I’ve been learning clawhammer banjo for about a year now, and back in January, I started practicing with Scruggs-style, three-finger banjo as well. The two playing styles are very different on the right (plucking / strumming / frailing) hand, but very similar on the left (fretting) hand. Traditionally, the two styles are playing on different kinds of banjos — clawhammer on a more “primitive” open-back banjo, and three-finger on a resonator, bluegrass banjo. But there isn’t anything heretical with mixing and matching banjos and playing styles, and least as far as I’m aware. I practice both styles on both banjos, but maybe there’s something against that in the Old Testament somewhere.
My Open-Back Banjo
My open-back banjo is a GoldTone CC-OT, which is an entry-level Chinese-made banjo that I got for my birthday last May. The OT (for Old Time) is a little fancier than the base model. First, it has a frailing scoop — the highest frets, just above the pot (the circular body) have been removed, and the fingerboard is “scooped out.” This makes it easier to play in that spot, which, because of the structure of the instrument, gives a more mellow, “old-timey” sound. When I play closer to the bridge, the sound is brighter and louder. After the New Year, I started playing with a towel rolled-up behind the banjo head, because that’s what all the cool kids who play down at Manuel’s Tavern were doing. This lowers the volume and takes a lot of ring / overtones out of the banjo. When I start playing the banjo without the towel as a mute, I feel like I’m playing in a tiled bathroom. Then when I put the towel in, it almost feels like my ears are stopped up.
Here’s a clip of me playing a fiddle song called “Jubilee” on the open-back CC-OT. First I play it with towel mute, then I take out the mute and play it through again.
My Resonator Banjo
A few weeks ago, I drove to Louisville, KY, for an Esperanto literary seminar. On the way back, I stopped in Glasglow, KY, and met Arthur Hatfield, who builds very nice resonator banjos. His banjos start at $2,600, which is beyond my price range. But while I was watching him in his workshop, I noticed a poor little banjo, covered in dust and wood shavings, beneath a lathe. Arthur told me that it was a project that had been hanging around the shop for awhile. It had an old pot from the 50’s — he’d put a new head on it (the white circle — traditionally some kind of skin, but now all synthetic) and a new neck and fingerboard. It was already strung, but it didn’t have a bridge, so Arthur made one of his signature compensated bridges freehand in about two minutes (see how it’s squiggly?). It plays like a charm and costs a lot less than an Arthur Hatfield original. It’s a little ugly — the neck doesn’t really match the pot; the back is scratched up — but it has a lot of character, and I like the sound.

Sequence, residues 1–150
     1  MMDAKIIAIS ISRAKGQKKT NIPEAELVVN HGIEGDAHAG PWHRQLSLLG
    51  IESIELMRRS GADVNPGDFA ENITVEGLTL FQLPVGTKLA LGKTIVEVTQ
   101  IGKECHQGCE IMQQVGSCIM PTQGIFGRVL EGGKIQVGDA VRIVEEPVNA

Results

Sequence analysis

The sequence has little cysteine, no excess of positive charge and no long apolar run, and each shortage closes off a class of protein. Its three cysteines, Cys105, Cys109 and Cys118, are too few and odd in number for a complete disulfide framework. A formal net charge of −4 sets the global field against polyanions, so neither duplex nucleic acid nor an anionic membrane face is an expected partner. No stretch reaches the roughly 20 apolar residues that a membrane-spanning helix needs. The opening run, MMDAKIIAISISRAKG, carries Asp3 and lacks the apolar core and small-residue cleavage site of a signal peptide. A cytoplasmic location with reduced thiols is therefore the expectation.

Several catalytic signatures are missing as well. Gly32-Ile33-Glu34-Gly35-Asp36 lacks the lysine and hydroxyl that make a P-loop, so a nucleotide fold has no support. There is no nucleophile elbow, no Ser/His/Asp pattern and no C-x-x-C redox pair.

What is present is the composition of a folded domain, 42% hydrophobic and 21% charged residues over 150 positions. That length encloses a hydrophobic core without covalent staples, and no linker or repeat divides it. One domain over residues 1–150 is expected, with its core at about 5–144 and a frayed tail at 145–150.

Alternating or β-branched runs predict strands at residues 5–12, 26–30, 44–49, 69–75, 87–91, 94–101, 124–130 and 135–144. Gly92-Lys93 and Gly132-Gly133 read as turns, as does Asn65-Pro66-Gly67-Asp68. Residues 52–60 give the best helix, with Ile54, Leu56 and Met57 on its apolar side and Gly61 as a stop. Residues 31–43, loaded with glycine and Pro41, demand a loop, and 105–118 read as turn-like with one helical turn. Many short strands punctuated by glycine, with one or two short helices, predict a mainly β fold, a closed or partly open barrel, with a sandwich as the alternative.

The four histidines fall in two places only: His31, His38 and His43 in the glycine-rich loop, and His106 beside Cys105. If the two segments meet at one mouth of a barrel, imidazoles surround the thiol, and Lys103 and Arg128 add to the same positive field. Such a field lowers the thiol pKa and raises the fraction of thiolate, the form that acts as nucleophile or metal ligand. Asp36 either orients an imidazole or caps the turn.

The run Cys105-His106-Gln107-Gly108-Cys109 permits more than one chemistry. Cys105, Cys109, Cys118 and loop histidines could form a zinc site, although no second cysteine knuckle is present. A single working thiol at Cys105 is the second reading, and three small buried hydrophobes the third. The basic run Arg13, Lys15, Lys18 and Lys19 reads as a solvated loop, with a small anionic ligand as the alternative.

Here’s “Jubilee” again, this time on the resonator banjo. I’m not playing in the three-finger style — this is clawhammer again, exactly like above. On this banjo, because it doesn’t have a frailing scoop, I play just below where the neck meets the pot. The sound is a little mellower there than when it’s played closer to the bridge, which IS where I play three-finger with finger picks.